Worried that that the Supreme Council of the Armed Forces were no longer in sync with the revolution, and that remnants of the former regime were working hard to abort it, Hamza and others felt the need to unify the voice of the great number of revolutionary youth movements, independent trade unions, peasant associations, non-governmental organisations, popular committees and political parties, old and new, to press for the completion of the revolution, which they all agree is to build “a fully democratic civic state”. In order to do this, Hamza and conference organisers presented the idea of creating a “National Council”, to be made up of representatives of all the participating movements and parties, and to act as a unified political body mandated to engage in dialogue with both the interim government and the military council, and, come elections, to draw up a unified list of candidates to run for parliament.
But this was not the kind of disciplined and orderly gathering that the CICC’s Khufu Hall had been accustomed to. The conference organisers struggled throughout the day to maintain order, with the proceedings often interrupted with chanting slogans, jeering and shouting. A man who interrupted a speech by shouting “Islam, Islam”, was chanted down by the hundreds of participants chanting “civic state, civic state”. Organisers then forcibly removed him from the hall. Similarly, a speech given by former Mufti Nasr Farid Wasel, in which he spoke of “Islam’s influence on the revolution,” was met by loud and persistent jeers.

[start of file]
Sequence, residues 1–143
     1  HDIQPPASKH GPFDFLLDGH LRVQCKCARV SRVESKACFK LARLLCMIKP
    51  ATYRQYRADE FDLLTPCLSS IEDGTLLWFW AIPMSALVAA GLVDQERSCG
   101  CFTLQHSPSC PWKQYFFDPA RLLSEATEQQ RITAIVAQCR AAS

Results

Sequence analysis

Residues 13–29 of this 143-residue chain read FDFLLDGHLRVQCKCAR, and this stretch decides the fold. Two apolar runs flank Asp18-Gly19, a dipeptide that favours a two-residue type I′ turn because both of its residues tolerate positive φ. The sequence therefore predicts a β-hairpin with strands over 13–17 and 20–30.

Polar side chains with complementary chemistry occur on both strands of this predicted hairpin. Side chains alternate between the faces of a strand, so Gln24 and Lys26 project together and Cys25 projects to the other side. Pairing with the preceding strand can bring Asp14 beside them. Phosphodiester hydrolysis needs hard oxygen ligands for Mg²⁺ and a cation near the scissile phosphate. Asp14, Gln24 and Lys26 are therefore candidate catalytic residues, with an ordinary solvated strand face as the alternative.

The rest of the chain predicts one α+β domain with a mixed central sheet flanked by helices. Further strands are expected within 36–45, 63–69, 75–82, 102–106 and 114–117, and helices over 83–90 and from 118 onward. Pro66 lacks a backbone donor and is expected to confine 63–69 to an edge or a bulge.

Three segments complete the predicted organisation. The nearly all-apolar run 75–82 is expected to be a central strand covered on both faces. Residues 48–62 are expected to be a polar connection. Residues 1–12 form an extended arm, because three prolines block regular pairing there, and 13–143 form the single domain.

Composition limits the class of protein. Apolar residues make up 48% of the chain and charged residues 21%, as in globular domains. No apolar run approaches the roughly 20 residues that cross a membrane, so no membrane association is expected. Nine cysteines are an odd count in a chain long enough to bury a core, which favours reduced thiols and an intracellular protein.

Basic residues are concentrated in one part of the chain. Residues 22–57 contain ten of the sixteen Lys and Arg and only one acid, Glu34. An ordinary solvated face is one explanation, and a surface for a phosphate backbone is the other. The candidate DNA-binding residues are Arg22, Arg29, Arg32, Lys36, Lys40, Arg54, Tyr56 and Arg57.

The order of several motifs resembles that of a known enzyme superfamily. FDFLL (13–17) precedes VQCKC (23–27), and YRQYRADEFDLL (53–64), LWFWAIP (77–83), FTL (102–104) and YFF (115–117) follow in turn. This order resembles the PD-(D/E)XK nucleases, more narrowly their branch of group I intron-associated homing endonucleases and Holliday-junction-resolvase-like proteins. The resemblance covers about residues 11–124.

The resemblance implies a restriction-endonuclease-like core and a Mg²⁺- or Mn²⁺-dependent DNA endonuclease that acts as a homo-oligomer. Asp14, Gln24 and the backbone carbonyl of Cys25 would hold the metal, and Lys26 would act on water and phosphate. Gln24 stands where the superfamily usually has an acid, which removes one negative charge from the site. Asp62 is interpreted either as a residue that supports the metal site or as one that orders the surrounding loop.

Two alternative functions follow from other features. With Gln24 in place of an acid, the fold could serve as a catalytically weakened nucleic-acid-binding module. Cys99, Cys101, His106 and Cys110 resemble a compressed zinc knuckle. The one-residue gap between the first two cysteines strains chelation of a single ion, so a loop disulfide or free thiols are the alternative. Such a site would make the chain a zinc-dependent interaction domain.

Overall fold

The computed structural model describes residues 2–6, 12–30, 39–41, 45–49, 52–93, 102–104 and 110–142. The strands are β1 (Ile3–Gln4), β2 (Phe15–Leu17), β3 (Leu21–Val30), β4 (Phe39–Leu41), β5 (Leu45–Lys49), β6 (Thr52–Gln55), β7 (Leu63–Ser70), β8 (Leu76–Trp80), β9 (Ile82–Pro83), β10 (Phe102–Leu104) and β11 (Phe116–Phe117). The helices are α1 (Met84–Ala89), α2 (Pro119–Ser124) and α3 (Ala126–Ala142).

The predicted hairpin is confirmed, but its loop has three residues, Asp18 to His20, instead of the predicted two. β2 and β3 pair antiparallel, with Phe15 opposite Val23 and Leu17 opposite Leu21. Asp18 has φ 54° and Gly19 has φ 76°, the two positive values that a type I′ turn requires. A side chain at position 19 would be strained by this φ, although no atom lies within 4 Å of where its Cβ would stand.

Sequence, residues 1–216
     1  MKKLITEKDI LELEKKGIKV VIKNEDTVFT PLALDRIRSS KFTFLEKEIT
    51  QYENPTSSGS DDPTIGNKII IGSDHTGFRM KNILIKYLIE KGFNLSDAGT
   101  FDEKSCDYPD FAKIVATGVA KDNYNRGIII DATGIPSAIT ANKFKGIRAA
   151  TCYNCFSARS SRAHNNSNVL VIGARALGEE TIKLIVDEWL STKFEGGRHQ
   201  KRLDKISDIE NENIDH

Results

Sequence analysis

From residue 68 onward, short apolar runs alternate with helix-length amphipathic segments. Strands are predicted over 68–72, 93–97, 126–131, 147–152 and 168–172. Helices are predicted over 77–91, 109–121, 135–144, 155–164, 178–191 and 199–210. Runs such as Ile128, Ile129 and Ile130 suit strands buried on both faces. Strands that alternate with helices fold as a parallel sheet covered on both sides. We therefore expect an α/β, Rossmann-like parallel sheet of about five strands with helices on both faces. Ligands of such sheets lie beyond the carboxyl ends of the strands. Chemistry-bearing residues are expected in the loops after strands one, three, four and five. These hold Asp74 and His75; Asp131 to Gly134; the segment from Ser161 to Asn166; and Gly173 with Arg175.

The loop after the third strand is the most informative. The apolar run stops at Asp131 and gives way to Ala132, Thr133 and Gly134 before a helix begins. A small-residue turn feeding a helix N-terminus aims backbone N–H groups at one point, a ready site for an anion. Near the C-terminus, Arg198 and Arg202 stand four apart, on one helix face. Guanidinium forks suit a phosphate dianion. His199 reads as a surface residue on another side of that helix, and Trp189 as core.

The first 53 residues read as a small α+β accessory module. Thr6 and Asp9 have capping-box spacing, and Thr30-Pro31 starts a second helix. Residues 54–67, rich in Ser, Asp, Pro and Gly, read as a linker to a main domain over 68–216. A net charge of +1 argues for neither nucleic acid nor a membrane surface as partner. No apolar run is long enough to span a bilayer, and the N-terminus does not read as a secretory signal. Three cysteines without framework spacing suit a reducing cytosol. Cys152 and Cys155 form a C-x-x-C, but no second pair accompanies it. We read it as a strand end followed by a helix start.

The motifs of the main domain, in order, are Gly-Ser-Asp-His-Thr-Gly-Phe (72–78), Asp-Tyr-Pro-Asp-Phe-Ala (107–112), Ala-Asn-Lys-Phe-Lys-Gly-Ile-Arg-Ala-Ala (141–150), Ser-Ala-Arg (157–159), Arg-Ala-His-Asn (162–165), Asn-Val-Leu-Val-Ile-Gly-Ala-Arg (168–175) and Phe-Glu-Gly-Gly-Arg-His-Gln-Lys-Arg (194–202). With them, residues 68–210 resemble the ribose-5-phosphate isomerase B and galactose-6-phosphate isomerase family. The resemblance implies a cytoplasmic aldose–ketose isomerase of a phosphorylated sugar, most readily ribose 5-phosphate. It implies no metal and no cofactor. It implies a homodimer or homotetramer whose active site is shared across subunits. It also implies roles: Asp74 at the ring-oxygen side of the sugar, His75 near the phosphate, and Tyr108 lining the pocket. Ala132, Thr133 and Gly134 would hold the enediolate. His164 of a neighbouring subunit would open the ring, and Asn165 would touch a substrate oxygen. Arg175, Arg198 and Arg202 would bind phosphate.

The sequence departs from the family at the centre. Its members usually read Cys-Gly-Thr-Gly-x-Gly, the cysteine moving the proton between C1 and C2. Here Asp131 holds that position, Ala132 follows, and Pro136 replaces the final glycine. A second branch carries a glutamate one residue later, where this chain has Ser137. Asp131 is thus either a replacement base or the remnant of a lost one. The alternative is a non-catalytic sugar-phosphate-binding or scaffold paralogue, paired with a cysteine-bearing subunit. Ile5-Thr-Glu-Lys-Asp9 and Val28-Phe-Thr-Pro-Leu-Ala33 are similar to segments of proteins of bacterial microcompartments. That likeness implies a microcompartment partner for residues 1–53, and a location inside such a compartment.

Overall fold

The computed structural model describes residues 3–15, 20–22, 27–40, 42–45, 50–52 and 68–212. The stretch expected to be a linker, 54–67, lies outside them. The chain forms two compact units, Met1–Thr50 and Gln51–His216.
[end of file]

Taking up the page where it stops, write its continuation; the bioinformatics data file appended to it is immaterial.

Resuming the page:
During an introductory speech by Mohsen El-Noemany, minister of local development, the crowd repeatedly interrupted him by chanting ”the people demand that all political detainees be released.” Frustrated, El-Noemany was forced to interrupt his speech mid-sentence, finally telling the crowd that his government asks the people for patience.
“We are a transitional government and our job is to create the right environment to hand over power to those you choose,” said El-Noemany, who finally brought his speech to a hasty conclusion before stepping off the podium.